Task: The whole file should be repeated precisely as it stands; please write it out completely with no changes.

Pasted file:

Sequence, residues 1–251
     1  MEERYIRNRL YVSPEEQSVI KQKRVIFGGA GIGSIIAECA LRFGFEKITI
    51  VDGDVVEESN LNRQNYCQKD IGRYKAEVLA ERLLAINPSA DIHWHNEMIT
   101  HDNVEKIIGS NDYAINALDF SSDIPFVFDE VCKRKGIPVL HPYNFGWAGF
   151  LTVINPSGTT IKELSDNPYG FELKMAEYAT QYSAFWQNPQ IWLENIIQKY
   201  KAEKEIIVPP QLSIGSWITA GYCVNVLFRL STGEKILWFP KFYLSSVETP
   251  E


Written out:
Sequence, residues 1–251
     1  MEERYIRNRL YVSPEEQSVI KQKRVIFGGA GIGSIIAECA LRFGFEKITI
    51  VDGDVVEESN LNRQNYCQKD IGRYKAEVLA ERLLAINPSA DIHWHNEMIT
   101  HDNVEKIIGS NDYAINALDF SSDIPFVFDE VCKRKGIPVL HPYNFGWAGF
   151  LTVINPSGTT IKELSDNPYG FELKMAEYAT QYSAFWQNPQ IWLENIIQKY
   201  KAEKEIIVPP QLSIGSWITA GYCVNVLFRL STGEKILWFP KFYLSSVETP
   251  E